Prophylactic use of chlorpromazine to improve survival of random skin flaps in pigs

A. Sagi, R. Bibi, M. Ferder, B. Strauch

Research output: Contribution to journalArticlepeer-review


On the basis of earlier success in rat studies, chlorpromazine was evaluated as a probable agent for improving survival of random skin flaps in pigs. The aim was to exclude the possibility that the effect of the chlorpromazine is species specific and to find out if it is dose dependent. One hundred and five dorsally-based 12 x 4 cm flaps were raised unilaterally on the backs of 15 pigs. The animals were divided into three groups using 15 mg/kg chlorpromazine, 7.5 mg/kg chlorpromazine, and a saline-treated control group. Flaps in the control group averaged 40.57 ± 3.17% necrosis, while flaps in the 15 mg/kg and 7.5 mg/kg chlorpromazine-treated groups averaged 31.53 ± 4.77% and 11.47 ± 2.22% necrosis respectively. These results demonstrate dose dependent beneficial affects of chlorpromazine and the survival of random skin flaps in the pig. Although ideal dose levels are still to be determined, flap survival improved with the prophylactic use of chlorpromazine at the lower 7.5 mg/kg dosage.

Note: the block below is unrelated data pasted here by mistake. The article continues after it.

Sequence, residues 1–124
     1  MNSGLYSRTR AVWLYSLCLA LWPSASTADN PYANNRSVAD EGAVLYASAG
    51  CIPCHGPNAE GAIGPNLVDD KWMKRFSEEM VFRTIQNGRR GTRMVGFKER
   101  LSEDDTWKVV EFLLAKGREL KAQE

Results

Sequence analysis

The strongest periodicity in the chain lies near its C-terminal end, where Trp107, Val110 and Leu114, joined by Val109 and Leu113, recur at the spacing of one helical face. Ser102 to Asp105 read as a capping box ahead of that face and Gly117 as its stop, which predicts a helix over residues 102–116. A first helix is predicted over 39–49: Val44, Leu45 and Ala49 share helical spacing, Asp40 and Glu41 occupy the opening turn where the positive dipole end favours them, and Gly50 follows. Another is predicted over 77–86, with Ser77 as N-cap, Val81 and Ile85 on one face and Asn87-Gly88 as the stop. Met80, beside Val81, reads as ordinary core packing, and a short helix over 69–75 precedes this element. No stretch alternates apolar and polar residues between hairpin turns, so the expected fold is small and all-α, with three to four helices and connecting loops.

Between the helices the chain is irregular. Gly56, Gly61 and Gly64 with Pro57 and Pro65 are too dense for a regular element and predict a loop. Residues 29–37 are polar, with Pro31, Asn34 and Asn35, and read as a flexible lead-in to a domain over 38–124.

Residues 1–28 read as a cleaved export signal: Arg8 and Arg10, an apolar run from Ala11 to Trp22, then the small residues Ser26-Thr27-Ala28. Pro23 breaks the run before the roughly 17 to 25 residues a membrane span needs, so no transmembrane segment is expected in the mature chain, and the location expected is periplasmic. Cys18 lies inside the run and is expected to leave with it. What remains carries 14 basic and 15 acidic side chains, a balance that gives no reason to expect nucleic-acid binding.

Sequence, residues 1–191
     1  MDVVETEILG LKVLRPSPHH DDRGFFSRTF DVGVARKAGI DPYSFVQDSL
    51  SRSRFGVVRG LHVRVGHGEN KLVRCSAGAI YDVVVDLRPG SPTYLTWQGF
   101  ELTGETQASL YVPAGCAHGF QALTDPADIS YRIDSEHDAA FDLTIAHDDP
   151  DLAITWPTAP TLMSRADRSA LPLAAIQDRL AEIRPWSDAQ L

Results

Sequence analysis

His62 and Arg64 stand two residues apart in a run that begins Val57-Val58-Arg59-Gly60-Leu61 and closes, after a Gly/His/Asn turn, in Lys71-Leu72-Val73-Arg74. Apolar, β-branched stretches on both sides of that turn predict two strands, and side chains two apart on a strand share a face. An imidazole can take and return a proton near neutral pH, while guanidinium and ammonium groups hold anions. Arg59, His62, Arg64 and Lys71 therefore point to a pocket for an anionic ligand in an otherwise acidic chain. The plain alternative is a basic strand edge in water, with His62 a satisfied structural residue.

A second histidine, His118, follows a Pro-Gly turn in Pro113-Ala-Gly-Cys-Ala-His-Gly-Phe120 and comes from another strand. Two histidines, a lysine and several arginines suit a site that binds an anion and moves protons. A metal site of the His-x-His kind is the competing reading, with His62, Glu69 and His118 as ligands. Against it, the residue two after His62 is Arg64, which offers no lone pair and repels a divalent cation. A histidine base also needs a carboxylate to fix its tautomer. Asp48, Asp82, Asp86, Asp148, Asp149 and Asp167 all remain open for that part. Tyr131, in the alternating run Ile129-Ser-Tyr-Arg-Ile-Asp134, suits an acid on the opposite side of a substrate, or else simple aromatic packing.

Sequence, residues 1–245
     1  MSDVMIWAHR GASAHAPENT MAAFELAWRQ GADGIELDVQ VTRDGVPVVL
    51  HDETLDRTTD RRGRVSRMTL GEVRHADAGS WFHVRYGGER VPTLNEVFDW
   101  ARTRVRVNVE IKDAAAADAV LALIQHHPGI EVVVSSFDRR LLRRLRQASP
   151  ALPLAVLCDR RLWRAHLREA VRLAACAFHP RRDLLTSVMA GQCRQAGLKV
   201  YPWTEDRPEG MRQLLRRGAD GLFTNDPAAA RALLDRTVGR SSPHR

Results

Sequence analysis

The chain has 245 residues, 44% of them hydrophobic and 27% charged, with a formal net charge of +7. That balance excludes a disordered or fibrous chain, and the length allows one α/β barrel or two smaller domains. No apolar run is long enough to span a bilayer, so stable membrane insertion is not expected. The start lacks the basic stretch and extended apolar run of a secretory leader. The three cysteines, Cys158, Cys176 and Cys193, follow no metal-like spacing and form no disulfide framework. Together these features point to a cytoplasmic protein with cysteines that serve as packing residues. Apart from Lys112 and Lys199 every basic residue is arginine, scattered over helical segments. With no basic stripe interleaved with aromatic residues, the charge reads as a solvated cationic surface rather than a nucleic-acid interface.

Original languageEnglish
Pages (from-to)80-83
Number of pages4
JournalEuropean Journal of Plastic Surgery
Issue number2
StatePublished - 1 Mar 1997


  • Chlorpromazine
  • Flap necrosis

ASJC Scopus subject areas

  • Surgery


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